She took another deep breath. “They just lost that impunity. I didn’t realize it at first, when we got off Mesa. Not at all, those months we drifted in space in the Hali Sowle. But after we got to Torch and I saw that new world being created…”

Andrew opened his mouth; then, closed it. Then, rubbed his face.

“I guess I’m a little old to discover patriotism,” Steph said. “Or maybe that’s just giving myself airs and this is really nothing more than a primitive desire for vengeance. I don’t care. The stinking bastards finally lost their impunity. And now somebody is getting ready to drive in the blade and I want my hand on the hilt too.”

She looked away from him and up at the wall. “That’s you, isn’t it, Victor? And Anton’s with you?”

“In or out, Ms. Turner?” the voice said. “You understand that if the answer is ‘in’ and you later change your mind we’ll have to sequester you until the mission is completed?”

“I thought you’d say ‘we’ll have to cut your throat.'”

“Why would we do that?” The voice sounded genuinely puzzled. “No point in it.”

Steph laughed. “I knew it! It’s Victor. Yes, I’m in.”

Andrew puffed out his cheeks. “Well. Me too, then.” He pointed an accusing finger at the wall. “Don’t argue with me, Victor! I’m coming too, it’s settled. And how the hell did you get rid of that godawful Nouveau Paris accent?”

“Why would I argue with you? I can think of at least two ways you could be very useful, just off the top of my head. Yes, it’s Victor. Berry, Ruth, Henry — show them in, please. Anton finally woke up. Thandi and Yana are climbing the walls. They don’t handle tedium well.”

There was a brief pause, perhaps two seconds, and the voice continued. “Yana says she votes for the boutique. Thandi won’t come right out and say it but she obviously does too. I have almost no idea what you’re talking about and Anton’s already looking bored but I think it’s probably a brilliant idea. Come on it and we’ll pursue it further.”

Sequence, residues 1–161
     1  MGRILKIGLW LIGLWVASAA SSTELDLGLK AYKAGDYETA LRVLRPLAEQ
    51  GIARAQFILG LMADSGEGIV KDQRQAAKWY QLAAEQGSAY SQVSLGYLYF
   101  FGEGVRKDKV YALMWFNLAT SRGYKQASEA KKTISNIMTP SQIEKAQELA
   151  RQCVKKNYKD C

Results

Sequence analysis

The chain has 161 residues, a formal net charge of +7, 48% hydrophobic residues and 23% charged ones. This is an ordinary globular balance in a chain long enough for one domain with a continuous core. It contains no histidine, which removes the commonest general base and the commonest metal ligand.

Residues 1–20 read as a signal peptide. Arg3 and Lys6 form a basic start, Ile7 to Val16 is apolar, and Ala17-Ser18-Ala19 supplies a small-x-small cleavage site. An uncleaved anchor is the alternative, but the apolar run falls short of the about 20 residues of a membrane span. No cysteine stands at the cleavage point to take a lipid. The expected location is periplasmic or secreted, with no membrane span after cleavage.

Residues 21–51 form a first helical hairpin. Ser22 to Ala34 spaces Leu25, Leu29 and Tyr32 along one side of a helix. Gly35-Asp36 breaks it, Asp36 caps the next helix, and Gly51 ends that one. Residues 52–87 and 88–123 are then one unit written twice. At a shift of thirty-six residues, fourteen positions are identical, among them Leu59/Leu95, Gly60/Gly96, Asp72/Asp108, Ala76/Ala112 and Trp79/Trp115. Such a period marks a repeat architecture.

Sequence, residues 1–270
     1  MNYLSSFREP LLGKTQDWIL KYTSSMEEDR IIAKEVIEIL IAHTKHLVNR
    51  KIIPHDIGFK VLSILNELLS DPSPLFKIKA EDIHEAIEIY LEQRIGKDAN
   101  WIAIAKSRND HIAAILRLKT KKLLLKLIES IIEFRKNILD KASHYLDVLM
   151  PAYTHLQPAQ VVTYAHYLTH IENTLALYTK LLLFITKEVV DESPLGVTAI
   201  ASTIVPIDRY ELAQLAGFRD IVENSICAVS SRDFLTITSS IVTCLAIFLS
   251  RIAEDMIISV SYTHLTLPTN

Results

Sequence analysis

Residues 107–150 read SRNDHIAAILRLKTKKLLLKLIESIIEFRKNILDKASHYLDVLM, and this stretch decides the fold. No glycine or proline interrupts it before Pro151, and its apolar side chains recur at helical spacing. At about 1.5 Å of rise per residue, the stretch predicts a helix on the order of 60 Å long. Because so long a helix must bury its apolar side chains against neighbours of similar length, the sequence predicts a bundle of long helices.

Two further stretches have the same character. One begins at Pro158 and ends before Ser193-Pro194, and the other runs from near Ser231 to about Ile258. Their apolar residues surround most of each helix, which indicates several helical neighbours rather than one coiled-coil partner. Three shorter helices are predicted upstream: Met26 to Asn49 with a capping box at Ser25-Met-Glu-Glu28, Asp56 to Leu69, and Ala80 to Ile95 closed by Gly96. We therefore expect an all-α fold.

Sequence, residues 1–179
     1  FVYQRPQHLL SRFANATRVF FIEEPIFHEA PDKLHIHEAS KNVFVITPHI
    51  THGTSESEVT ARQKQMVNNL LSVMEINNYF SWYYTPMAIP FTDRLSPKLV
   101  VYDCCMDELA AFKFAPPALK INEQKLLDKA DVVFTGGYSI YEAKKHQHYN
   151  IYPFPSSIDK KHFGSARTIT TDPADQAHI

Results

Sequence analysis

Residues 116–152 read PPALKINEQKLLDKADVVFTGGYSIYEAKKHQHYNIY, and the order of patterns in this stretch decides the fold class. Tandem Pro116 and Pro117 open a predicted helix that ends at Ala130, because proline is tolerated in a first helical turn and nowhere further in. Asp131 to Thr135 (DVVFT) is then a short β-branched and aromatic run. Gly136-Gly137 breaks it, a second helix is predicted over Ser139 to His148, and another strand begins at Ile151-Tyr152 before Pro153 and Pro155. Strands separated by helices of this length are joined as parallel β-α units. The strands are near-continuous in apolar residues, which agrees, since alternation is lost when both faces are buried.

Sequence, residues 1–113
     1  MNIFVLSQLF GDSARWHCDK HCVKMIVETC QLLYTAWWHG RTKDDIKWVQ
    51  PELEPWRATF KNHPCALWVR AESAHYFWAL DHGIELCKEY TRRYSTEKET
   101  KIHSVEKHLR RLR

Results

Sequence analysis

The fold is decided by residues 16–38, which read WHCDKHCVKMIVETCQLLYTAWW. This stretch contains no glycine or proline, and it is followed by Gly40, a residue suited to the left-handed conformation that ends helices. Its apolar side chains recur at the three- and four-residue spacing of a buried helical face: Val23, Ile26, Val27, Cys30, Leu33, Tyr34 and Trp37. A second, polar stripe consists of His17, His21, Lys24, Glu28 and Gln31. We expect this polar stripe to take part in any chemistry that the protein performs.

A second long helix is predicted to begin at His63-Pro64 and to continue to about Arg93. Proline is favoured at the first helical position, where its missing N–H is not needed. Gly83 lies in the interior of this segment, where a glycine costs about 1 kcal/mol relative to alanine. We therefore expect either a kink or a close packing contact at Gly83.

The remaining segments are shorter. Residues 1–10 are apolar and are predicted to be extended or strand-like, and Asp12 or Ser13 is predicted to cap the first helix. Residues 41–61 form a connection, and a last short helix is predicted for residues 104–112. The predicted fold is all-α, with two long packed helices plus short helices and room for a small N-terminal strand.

Berry and Ruth rose from the table. Kham followed them after pulling out his com and keying in some instructions.

One of the walls of the conference room began sliding aside. Beyond, Steph and Andrew could see a corridor. It looked like a hospital corridor, for whatever undefinable reason.

****

“It’s quite cunning, actually,” Victor said, sticking a finger against his throat. “It’s a nanotech method. They do something to my vocal cords and fiddle with the laryngeal nerve. Don’t ask me the details because I don’t have a clue. And, voila, my Nouveau Paris accent that I could never get rid of — it was always my one big weakness as a spy — is transformed into a Traccoran accent.”

“I hate it,” said Thandi, who was lying on a bed next to him. “I don’t mind his new body. But that new voice of his…”

Victor’s physique hadn’t changed much. There’d been no reason to change it since it had been quite normal. But his face was completely different. He was a very handsome man, now, in a slightly androgynous way. Dark eyes were now a bright, pale green; dark coarse hair cut short was now a fancy blond hair style. Combine that with the new voice and there wasn’t a trace left of Victor Cachat.

Anton… looked pretty much as he had before. Oh, his face had been completely changed, but he still had the same short, squat and extremely powerful physique.

Andrew Artlett frowned. “I don’t get it. What’s the point of leaving your body the same? No offense, but there aren’t too many people who’re built like that.”